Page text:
Artist displays self-portrait collection at New to You

FERGUS – While the COVID-19 pandemic may not have been an easy time for Peter Skoggard, productivity was not a problem. 

He used the time to refine one of his many passions: drawing. 

Having come from a family of visual artists, from a young age Skoggard would often take family sketching trips and honed his skills as an artist. 

Just prior to the pandemic, he began creating self-portraits. At first, he was completing one every few days, averaging about 20 to 30 minutes to sketch, but once he was confined to his home it quickly became three a day or more. 

Since then, he’s produced 1,300 drawings, all of which have been matted and framed. 

“I had so many drawings in my apartment and my daughter asked, ‘What are you going to do with them all dad?’” he said. 

“And then I thought, I’m finished with the project – I have to move them, so I started taking them to different thrift shops in the area – Stratford, Kitchener, Orangeville, Guelph and Fergus.”

Willow Hobson volunteers in the art department at the New to You store in Fergus and has known Skoggard for many years through the arts community and her time working for the Elora Centre for the Arts.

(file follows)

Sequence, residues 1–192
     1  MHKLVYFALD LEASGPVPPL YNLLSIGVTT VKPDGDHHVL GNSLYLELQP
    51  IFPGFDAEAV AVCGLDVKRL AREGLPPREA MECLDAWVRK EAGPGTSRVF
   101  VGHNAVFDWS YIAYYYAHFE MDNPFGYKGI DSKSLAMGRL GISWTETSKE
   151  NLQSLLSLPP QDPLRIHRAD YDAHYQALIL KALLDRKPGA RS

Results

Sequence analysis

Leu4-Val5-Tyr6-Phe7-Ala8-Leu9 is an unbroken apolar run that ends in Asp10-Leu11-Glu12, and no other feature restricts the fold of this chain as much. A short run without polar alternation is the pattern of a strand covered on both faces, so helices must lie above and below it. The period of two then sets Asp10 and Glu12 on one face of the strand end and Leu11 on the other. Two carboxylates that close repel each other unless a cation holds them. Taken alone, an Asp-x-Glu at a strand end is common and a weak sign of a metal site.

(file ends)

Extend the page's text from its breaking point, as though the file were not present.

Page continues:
“Peter had donated some work to us, and I was putting them out just a couple at a time, and we ended up selling out. A couple of people phoned back and said, ‘I love Peter’s stuff, I want more,’” Hobson said. 

“I phoned him to ask if he had more and told him that we wanted to do a show, and he was just thrilled to be asked.”

Skoggard’s pieces are drawn using pastels, chalk pastels, and crayons. He works in front of a mirror because “he doesn’t want to draw what he thinks he looks like.” 

“Part of representative art is to draw what you see and not what you think you see,” he said. “It’s a very interesting thing to do, drawing yourself, because you’re inside yourself looking at the outside. Secondly, you’re objectifying yourself. You don’t really know what you look like, and that’s one reason it’s a continuous and ever-changing exercise.”

Skoggard believes artists create art for very different reasons; some because they like to create order out of chaos, but he enjoys capturing moments.  

“Locally, he’s a character and everybody loves him. He’s known far and wide for his good work in the community and I’m very happy for him,” Hobson said. 

All of the profits from the sale of Skoggards work goes to Groves Memorial Community Hospital.

To donate, volunteer or shop, visit the New to You store at 950 St. David St. N., Fergus or online at 

Advertorial Writer